Indian rhinos are on the move — and you can help!

At the beginning of the 20th century, the population of Greater one-horned, or Indian, rhinos had dropped to fewer than 200 individuals – now there are more than 3,500 animals in India and Nepal.

Your support has helped this species recover, but there’s still more work to be done. By making a contribution today, you can help ensure that Greater One-horned rhinos continue to thrive.

Greater One-Horned Rhinos – What We’ve Accomplished

Kaziranga National Park in Assam, India, holds about 70% of the world’s Indian rhino population. This is worrisome for two reasons – the park may be close to carrying capacity and the entire species’ population could be decimated by a disease outbreak, natural disaster, or another catastrophe. Poaching is also a constant threat – last year, Assam lost 23 rhinos to poaching.

Moving Indian rhinos to new habitats from overcrowded ones will help create a larger, more secure and more diversified population.

With its partners in Indian Rhino Vision 2020, IRF is moving greater one-horned rhinos from overcrowded areas, like Kaziranga, to other protected areas in Assam where they can breed. So far, we have moved 18 Indian rhinos to Manas National Park. Fourteen rhino calves have since been born in the park, including a second-generation calf born just last month.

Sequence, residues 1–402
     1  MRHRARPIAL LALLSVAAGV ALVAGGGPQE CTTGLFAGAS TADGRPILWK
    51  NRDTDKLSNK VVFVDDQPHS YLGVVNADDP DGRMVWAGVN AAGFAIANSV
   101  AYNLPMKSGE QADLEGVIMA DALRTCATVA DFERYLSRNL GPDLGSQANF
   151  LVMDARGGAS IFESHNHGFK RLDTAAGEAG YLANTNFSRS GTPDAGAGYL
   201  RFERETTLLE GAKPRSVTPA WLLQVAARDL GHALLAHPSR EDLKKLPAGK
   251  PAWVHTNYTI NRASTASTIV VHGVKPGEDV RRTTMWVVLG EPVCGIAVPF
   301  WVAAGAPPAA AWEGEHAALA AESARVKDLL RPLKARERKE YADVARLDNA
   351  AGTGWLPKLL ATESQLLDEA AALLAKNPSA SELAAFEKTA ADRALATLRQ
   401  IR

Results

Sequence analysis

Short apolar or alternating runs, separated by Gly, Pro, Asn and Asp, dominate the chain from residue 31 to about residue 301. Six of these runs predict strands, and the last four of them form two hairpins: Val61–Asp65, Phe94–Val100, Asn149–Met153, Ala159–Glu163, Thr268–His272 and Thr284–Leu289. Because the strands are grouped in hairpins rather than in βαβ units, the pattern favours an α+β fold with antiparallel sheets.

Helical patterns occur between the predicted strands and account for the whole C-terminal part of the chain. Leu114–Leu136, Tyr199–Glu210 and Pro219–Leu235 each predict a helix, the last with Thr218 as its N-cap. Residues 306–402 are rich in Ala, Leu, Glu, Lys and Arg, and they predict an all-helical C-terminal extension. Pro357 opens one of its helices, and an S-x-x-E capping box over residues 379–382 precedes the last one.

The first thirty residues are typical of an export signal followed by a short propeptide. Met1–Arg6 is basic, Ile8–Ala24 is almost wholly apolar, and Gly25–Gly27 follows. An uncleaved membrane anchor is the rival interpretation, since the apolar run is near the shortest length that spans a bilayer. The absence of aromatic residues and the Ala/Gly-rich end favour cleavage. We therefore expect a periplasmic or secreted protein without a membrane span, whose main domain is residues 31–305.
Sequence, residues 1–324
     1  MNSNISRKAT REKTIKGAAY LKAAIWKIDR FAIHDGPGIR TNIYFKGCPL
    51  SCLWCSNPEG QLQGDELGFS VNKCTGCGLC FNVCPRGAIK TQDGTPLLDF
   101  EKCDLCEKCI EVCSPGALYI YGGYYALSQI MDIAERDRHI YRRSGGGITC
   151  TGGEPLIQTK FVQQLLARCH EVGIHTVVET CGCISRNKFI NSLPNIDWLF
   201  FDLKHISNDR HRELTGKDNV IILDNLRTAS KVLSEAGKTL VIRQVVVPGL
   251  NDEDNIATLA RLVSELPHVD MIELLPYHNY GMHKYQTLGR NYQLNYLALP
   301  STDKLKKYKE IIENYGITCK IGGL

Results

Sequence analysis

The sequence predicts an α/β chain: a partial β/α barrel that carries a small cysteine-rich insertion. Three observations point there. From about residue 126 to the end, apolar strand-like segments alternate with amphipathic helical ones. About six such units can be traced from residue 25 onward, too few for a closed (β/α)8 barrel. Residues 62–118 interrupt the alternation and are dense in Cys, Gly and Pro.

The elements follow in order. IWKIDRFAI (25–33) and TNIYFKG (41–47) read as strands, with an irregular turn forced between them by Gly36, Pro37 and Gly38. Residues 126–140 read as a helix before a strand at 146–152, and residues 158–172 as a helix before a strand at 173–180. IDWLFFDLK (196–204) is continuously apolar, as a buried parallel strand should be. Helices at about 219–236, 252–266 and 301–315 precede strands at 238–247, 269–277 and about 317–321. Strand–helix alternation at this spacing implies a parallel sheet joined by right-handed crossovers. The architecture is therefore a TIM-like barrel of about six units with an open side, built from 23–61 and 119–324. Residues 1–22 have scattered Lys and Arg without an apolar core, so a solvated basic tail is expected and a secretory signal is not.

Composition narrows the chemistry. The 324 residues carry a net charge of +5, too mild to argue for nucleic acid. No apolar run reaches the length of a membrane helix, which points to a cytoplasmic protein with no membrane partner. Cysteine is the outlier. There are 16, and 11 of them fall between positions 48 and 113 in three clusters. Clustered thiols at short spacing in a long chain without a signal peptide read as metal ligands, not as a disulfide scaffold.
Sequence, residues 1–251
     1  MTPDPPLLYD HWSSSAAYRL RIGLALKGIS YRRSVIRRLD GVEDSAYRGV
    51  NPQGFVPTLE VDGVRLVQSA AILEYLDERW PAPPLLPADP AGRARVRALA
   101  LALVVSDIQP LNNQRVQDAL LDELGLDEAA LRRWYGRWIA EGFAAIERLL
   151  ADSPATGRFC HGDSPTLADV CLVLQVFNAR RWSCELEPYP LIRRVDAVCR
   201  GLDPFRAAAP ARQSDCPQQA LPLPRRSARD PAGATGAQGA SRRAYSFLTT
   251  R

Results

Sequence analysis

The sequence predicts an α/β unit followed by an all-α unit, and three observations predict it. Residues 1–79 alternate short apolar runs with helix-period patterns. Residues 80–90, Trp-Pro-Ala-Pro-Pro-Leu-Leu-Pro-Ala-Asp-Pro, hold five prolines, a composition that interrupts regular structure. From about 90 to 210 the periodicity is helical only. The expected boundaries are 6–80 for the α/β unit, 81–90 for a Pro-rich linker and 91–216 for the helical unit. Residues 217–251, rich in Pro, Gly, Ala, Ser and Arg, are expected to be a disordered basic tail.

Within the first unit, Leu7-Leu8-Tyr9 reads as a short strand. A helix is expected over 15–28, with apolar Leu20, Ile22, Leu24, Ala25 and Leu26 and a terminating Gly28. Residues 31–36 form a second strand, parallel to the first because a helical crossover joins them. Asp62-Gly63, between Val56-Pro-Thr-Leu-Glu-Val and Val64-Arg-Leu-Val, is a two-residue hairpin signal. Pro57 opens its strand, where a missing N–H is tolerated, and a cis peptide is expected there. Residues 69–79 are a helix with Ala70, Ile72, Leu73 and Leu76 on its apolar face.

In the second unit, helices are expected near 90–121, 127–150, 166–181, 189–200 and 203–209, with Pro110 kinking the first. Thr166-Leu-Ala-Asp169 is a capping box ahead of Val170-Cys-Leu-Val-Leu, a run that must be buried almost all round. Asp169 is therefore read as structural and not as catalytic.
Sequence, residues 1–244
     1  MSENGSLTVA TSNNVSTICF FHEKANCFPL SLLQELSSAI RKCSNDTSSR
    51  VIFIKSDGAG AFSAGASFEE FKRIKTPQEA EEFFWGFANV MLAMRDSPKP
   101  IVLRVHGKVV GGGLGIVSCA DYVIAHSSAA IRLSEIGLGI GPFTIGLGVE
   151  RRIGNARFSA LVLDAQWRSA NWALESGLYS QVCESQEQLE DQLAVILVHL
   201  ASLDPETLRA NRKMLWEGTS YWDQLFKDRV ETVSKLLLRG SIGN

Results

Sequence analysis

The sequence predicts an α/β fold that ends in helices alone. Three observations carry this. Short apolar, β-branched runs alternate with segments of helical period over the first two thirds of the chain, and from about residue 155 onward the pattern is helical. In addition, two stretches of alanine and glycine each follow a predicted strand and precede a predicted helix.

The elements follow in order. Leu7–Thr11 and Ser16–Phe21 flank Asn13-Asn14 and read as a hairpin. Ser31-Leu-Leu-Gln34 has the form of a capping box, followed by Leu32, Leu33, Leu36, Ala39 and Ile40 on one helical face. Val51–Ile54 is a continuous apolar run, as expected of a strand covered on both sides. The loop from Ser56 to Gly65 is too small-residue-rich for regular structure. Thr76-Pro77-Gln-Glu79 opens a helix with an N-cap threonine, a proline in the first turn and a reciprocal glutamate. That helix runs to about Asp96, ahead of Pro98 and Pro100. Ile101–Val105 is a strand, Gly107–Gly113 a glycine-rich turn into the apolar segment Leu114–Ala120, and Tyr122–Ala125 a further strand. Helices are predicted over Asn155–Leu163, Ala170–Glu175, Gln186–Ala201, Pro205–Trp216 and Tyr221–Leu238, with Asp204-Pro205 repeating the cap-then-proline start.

Successful rhino translocations require months of planning; trucks, crates, medicine and other equipment; and a large team of trackers, monitors, vets and rangers.

Release of translocated rhinos in Manas National Park

Greater One-Horned Rhinos – What Comes Next?

In the coming year, we will move at least two male Greater one-horned rhinos from overcrowded parks to new habitats like Manas to add more genetic diversity to the population.

To increase poaching arrests and prosecutions in Assam, IRF’s Intelligence Specialist has created a network of informants and has built close relationships with local police and communities. Next year we will also conduct hands-on training for police and forest rangers on wildlife law, crime scene investigation, evidence collection, and case preparation.

How Can You Help?

Please consider making a year-end donation to help secure Indian rhinos and their habitats.

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